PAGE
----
The sequel to the Jedi Academy Trilogy the inhabitants of the Carida System deserve. Well, I’m certainly not going to argue with this. Kyp Durron earned that Killed Billions merit badge fair and square!
Knights’ Archive spotted an Edelweiss listing for the audio version of Kevin Hearne’s Luke Skywalker novel. No title (Untitled Star Wars #3 and/or Untitled Ballantine #50) but it gives a release date of January 13 and a small synopsis:
In an attempt to distract the Empire from important Rebel Alliance activity, Luke Skywalker draws the attention of Imperial Security, leading him-along with Princess Leia Organa, Han Solo, and Chewbacca-into a deadly trap right in Darth Vader’s sights!
This would be the third, and probably final, book in the informal Empire and Rebellion series.
And to chase our earlier mystery books – as pointed out by commenter Ewan, two of them have the same ISBN, so there are only 2 of them – including the one formerly labeled as the Jedi Academy Trilogy on Amazon. (Untitled Star Wars #2, aka 978-0-345-51152-2. Untitled Star Wars #1 is 978-0-553-39286-9.) It’s now Untitled Ballantine #43 there. But the ISBN given to the hardcover version of Untitled Ballantine #50 (978-0-345-54485-8) on Edelweiss doesn’t match either of our mystery books, either. So whatever they are, neither seems likely to be a version of the Hearne book.
It’s been a while since we’ve had any of these, but Roqoo Depot has pointed out various directory listings: Untitled Star Wars #1, Untitled Star Wars #2 and perhaps the weirdest of all – a rerelease of Anderson’s Jedi Academy trilogy? Or a new Jedi Academy trilogy? Or are all three destined to be rereleases of the previous books? A Thrawn trilogy omnibus, perhaps? (And what would that mean for the Expanded Universe and Episode VII? All three books have fall 2014 release dates.)
The author of all three listings is simply ‘Ballantine’ – a Random House imprint like Del Rey and Bantam. And while the third listing is on the often untrustworthy Amazon, the first two are on Random House’s own catalog.
The future of Del Rey’s Star Wars contract may still be in question, but we do know they have several books left on it – particularly if Sword of the Jedi and Paul Kemp’s duology are shelved, as is increasingly likely. A division of Random House printing these may not mean anything – both Bantam and Del Rey published new Star Wars books in 1999, the last time the license changed hands.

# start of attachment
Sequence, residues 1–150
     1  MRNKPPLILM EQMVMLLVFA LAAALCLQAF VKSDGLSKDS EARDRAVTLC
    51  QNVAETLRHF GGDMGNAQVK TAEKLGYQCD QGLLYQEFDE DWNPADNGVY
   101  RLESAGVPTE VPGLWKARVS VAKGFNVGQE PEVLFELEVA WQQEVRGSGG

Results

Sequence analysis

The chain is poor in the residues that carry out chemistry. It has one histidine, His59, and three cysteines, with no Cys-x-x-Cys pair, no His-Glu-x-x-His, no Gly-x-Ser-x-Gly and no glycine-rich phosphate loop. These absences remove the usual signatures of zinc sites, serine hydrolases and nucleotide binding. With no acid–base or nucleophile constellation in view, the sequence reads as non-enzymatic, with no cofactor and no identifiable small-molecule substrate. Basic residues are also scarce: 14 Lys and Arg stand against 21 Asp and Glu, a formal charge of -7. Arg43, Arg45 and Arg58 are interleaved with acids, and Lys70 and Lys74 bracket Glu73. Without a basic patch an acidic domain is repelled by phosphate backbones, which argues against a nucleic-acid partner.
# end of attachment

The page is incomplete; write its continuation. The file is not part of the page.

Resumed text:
Whatever the case, hopefully the appearance of these listings means we’re getting closer to finding out something.
Remember a simpler time in Star Wars, where there were no sequels, no TV shows, when Star Wars was still kind of rare. Before the Special Editions, before the prequels, before Disney. Remember the… Jedi Academy trilogy? It’s okay, we understand if you don’t want to. Look at all the fanfic it made us write.
It was an odd time. Just kidding, it was kind of a shit show, one of many. But hey, if not for that awfulness, would we have soldiered on? The mocking let us bond, and for that, we are grateful. Mockingly.
Revisiting the Jedi Academy trilogy. Bryan Young is a glutton for punishment: He reread Kevin J. Anderson’s first Star Wars novel, Jedi Search, even though he knows better. Joining him is Kelly, aka Scarlett Robotica, who actually likes the series. (I suppose someone has to.) They’re debating it. I’m sure you can guess whose side I’m on. (And no: I wouldn’t. Last time I tried I couldn’t get past Luke’s speechifying.)
Details, details… Sue Rostoni updated us on a couple of minor details this weekend: There’s a hint that the Heir to the Empire anniversery edition will indeed have a new cover, and confirmation that short stories are coming back, at least in the Insider.
Veitch talks Dark Empire on Tuesday. The comic’s writer is holding a discussion on the comic this Tuesday evening at the bookstore he co-owns in Bennington, Vermont.
From the original Essential Guide to Characters, way back in 1995:
Ackbar and the white-haired beauty would enjoy each others’ company a lot over the coming years, both in their tasks for building the New Republic, and in private.